Exposing the wool industry's beautiful truth world-wide
SHE calls it the beautiful truth.
"If you walk into a working woolshed it's like it's choreographed,” wool classer Chantel McAlister said.
"And if you just sit back and watch people working, it's like the shearers dance around the sheep ... and the wool handlers are perfectly timed.
"Although the woolsheds are so dirty and gritty, and we are sweaty and it's hard work, I just think it's all so beautiful.
"It's so raw - it's an important part of Australia.”
It's that passion for the wool industry - and desire to highlight accurate reflections of what happens in shearing sheds - that has led Chantel to launch a national campaign, the Truth About Wool Tour.
Next year, after almost 10 years in the industry, she is hanging up her wool stencil for a few month to travel Australia capturing photos and videos of the wool-making process.
Her goal will be to see her work educate people world-wide about how wool is produced.
Chantel has already been promoting the industry through her photography venture, Chantel Renae Photography, but this will be her first time pursing a creative project full-time.
"The idea sparked when I was crutching at home with my partner and I decided to film him and then I put together a video, which I called The Truth about Wool, Crutching.
"It was just explaining the whole process, explaining why he does it and how it benefits the sheep.
"It was really well received by the general public so I thought, 'I am onto something here'.
"People seemed to be uneducated about what crutching was - a lot of people thought it was mulesing.”
Chantel describes leaving her full-time work to pursue the tour as a "leap of faith”.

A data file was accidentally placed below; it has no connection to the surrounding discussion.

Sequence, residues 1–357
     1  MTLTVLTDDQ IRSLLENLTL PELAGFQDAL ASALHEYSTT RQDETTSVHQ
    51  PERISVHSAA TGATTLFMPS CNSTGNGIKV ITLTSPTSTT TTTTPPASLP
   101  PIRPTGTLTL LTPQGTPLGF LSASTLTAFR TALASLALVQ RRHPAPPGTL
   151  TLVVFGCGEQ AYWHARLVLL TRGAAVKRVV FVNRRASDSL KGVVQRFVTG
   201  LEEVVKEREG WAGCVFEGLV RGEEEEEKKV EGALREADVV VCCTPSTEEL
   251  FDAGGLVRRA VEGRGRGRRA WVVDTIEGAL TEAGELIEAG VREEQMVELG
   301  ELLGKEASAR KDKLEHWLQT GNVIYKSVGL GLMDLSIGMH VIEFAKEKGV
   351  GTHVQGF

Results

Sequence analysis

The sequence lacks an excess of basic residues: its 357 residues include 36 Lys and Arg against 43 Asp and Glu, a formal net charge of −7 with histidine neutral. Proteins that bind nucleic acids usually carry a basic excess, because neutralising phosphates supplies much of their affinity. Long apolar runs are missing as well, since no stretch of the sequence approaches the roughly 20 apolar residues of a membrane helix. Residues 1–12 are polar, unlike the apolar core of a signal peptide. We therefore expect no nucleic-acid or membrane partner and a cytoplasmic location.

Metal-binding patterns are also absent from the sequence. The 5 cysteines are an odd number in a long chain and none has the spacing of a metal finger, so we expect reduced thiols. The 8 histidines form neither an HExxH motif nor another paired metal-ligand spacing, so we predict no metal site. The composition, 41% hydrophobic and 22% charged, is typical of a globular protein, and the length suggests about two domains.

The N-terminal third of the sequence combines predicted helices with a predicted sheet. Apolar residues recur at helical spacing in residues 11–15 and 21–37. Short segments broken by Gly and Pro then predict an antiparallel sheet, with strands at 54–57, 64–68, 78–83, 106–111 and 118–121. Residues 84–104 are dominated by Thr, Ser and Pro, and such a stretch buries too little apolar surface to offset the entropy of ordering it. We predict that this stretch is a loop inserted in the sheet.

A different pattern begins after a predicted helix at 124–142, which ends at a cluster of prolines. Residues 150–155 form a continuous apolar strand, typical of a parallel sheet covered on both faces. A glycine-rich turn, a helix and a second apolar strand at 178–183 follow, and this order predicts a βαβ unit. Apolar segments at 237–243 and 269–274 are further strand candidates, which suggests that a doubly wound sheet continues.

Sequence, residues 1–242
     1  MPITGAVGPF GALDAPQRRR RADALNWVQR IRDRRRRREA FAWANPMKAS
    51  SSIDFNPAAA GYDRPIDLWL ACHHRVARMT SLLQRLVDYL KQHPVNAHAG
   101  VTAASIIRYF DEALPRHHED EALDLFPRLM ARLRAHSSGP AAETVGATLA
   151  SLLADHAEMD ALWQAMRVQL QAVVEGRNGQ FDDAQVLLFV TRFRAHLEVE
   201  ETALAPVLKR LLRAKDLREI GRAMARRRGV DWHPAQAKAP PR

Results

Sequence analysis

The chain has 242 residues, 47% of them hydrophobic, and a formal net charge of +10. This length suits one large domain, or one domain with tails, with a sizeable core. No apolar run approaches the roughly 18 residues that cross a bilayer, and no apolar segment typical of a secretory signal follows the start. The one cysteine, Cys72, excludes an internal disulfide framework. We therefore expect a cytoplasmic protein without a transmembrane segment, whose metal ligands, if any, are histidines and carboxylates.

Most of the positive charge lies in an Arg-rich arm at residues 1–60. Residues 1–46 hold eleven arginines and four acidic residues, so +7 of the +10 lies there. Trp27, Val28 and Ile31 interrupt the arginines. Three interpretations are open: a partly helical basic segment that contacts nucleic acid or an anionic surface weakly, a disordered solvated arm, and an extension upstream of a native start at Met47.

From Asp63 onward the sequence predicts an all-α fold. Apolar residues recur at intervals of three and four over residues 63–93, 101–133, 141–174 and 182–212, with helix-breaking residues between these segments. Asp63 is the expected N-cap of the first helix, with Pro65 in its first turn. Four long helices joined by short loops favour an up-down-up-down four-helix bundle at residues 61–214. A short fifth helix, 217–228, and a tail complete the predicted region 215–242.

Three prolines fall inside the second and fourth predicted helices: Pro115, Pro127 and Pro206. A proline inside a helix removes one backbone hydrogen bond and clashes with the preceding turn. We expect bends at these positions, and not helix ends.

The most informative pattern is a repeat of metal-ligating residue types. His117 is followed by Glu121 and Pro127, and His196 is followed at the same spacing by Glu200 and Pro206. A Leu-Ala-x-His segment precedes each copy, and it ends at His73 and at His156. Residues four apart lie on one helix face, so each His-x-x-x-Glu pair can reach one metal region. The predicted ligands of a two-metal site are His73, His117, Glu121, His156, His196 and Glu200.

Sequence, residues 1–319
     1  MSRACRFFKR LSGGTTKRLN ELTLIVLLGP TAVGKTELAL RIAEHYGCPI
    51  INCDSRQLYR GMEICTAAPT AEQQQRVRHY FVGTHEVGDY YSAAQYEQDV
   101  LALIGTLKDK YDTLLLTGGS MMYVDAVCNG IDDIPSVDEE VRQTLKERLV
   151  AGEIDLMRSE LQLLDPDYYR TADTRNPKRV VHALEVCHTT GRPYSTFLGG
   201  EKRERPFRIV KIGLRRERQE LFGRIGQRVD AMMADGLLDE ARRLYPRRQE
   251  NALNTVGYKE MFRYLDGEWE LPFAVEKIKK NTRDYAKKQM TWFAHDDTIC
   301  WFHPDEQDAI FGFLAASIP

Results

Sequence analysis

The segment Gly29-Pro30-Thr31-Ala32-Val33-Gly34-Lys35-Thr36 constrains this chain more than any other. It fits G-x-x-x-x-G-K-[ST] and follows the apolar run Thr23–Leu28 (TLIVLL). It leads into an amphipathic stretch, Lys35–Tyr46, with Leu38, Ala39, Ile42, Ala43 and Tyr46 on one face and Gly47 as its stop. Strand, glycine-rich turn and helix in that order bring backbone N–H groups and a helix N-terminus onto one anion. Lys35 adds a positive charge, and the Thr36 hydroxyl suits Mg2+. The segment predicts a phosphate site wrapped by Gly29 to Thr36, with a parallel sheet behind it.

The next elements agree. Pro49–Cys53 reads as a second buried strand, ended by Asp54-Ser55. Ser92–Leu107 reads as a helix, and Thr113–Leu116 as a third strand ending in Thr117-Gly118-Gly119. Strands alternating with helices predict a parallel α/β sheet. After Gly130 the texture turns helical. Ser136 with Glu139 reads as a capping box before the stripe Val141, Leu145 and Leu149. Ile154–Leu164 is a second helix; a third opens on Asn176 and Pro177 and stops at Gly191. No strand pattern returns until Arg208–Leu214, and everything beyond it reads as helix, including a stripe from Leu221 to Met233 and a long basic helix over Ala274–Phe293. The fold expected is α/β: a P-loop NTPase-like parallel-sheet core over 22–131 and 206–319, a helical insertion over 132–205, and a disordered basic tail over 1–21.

"I am nervous but I have faith in the support from the industry,” she said.
"And I just think, if I can get this message out there it will affect everyone in the industry right down the pipeline.
"I will sacrifice my income and my life for six months in hopes it can help the future of the industry.”
She has launched a GoFundMe page and is aiming to raise $10,000 so she has enough money for fuel and her expenses.
Her tour will cover parts of southern Western Australia, New South Wales, Victoria and Tasmania.
Chantel will make the trip in her Toyota Hilux with the company of her dog Mia.
"Throughout the tour she will keep her followers informed on her social media platforms and website.
"I will have a path on my website where there will be an interactive map and people can actually follow me, they will be able to read blogs and see photos as the tour is progressing,” she said.
Later, she hopes to have her work correlated into a book that can be sold throughout Australia, and internationally.
"And my third phase is to take this on the road nationally, take my book and my gallery around Australia.
"I want to bring some people from the industry, farmers or shearers, and take the wool shed experience to the major cities.
"So people can come in feel and smell the wool, actually see it from a raw product to how it turns out at the end stage.”
Although this year, it seems as though animal activists have had their spotlight pointed firmly at the Australian wool industry - with two campaigns launched in 2016, one claiming shearing was cruel to lambs and the other stating there was a drug problem among shearers - Chantel shrugged off that her tour was a retaliation.
"They seem to target people who are uneducated on the industry, which saddened me ... my tour is about education, but I also want to celebrate the industry. It's a beautiful industry making a beautiful fibre.
"People can't pop down the road to see a working woolshed, so this is a way they can experience it.”
To support Chantel on her wool tour visit www.gofundme.com/ thetruthaboutwool
Keep up to date with Chantel's journey by following her on Facebook at Chantel Renae Photography or on Instagram at @chantelrenaephotos.